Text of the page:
Austerity: A tale of two Countries – Ireland & Iceland pt4

Current Status of Iceland

They realised that the crisis was not just an economic crisis; it was also a fundamental political socio-economic and democratic challenge. Their response was not to comply with the traditional thought of implementing severe austerity and slashing government spending and investment. They took a three tiered approach to their country’s problems;

                                    i.            They defined the issues as not just an economic problem but as a socio-economic and political problem; a profound challenge top their entire society.

                                 ii.            They recognised that the banks were private institutions and as such did not offer bail-outs or guarantees, they were allowed to fail.

The banks investors and bondholders were told that their decision to take risks in a free market and as such they would not be repaid.

They heavily devalued their currency the Krona, they introduced budgets to protect the most vulnerable in society

                               iii.            In early 2010, under pressure from the governments of the UK and Netherlands to repay them for the collapse of the Icesave Bank, (in 2009 Gordon Brown threatened to freeze all Icelandic assets in Britain, He declare Iceland as a rogue terrorist nation and finally threatened to ensure that Iceland would not receive aid from the IMF), despite petitioning from all the various European governments and a bill passed by their own parliament the President of Iceland Olafur Ragnar Grimsson chose to have a referendum – to let the people would choose if the country should make the bank debt a sovereign debt.

It was flatly rejected. The people said NO, and democracy triumphed.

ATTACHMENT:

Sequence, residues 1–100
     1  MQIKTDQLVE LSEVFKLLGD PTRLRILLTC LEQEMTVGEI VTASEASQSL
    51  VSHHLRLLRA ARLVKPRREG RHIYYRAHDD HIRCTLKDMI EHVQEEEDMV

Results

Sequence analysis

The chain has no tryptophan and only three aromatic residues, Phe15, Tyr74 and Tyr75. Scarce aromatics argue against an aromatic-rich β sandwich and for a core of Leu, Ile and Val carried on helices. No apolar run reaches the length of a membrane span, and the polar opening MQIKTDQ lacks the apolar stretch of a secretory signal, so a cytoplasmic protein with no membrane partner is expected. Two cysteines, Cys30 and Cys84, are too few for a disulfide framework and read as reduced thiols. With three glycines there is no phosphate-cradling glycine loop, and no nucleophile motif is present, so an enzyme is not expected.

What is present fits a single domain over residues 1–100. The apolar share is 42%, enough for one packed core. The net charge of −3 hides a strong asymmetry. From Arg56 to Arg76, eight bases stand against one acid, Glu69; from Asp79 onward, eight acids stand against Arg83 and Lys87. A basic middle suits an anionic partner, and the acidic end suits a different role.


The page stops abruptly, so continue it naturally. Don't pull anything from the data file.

Olafur Ragnor Grimsson

Olafur Ragnor Grimsson

Grimsson let his decisions regarding the crisis to be based upon two lines of thought.

Firstly – he felt that bailing out the banks was a fundamental mistake, as it would send out the wrong message to the bankers, encouraging them to think they could take risks and that if they fail they would be without personal risk as the taxpayer, the ordinary people of the country would pick up the tab and they could just get on with their business.

Secondly – he felt that the financial markets were not more important than democracy, stating that Europe’s most important contribution to the world was not the financial system; it is democracy.

To put into perspective the size of the debt that the Icelandic people were being asked to burden Grimsson said it would have been the equivalent of asking the British public to take-on a trillion dollar debt, which would have condemned his nation to decades of poverty. This simply, was not, a conscionable option.  

Europe, non EU and EU countries, along with the United States then turned their backs on Iceland. However Iceland found a friend in an unlikely source – China, who provided loans the Icelandic central bank.  

Iceland realised that the traditional model for the conservative, risk adverse banks had been usurped by a high tech model which attracted Mathematicians, Engineers and IT professionals, leaving a skill shortage within the greater economy. However, after the collapse of their IT sector they no longer had to compete with the financial institutions, resulting in an upsurge in the growth of the industry. Showing that in the area of creative and innovation driven industries, which tend to create more sustainable economies, the current model of banking had actually been negatively affecting the development of the economy.

Debt forgiveness was given to home owners with debts exceeding 110% of their home value, therefore if you owed €120,000 and your house was worth €110,000, you now only owed €110,000. Resulting in debt relief for more than 25% of the entire population of the country.

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One thought on “Austerity: A tale of two Countries – Ireland & Iceland pt4

  1. Pingback: Innovation House one more bridge from Iceland | Startup Iceland

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